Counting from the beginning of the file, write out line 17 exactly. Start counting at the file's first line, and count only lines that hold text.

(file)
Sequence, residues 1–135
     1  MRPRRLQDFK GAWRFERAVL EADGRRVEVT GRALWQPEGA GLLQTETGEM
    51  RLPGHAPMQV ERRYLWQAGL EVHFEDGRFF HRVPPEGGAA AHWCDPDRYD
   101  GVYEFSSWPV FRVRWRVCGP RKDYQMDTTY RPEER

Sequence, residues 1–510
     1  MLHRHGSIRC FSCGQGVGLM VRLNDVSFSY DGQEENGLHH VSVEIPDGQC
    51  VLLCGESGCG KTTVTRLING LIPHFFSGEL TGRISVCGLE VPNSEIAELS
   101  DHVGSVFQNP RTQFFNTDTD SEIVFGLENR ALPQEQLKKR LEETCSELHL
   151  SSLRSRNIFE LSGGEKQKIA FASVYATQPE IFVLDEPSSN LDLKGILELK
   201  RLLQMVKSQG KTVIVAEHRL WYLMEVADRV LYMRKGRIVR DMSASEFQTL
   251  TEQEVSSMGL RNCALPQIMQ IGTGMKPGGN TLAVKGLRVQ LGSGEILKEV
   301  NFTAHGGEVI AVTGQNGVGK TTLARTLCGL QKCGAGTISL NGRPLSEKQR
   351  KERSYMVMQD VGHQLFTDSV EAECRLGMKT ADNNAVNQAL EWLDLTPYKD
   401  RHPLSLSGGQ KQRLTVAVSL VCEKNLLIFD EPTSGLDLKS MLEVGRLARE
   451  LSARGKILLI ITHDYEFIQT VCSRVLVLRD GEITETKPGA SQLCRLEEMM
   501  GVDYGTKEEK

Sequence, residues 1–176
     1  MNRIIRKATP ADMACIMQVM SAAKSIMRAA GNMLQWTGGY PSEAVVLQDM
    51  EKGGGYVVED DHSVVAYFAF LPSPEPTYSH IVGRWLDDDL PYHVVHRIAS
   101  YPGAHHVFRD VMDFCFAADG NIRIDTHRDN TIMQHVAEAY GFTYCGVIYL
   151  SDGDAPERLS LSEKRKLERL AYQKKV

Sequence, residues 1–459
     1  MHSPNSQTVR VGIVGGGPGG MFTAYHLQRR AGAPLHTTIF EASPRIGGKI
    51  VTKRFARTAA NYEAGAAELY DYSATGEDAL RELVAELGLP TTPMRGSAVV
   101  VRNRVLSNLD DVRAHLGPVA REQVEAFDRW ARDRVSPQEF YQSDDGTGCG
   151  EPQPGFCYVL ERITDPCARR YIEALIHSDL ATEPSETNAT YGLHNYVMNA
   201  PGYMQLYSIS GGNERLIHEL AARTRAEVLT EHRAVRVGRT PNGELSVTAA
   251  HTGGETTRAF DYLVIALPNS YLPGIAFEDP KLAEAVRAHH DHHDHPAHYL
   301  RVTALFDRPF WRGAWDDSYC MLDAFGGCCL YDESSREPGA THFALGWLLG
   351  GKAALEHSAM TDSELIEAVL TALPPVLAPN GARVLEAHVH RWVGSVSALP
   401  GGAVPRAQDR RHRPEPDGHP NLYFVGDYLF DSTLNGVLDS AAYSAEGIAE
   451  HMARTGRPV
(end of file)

Sequence, residues 1–176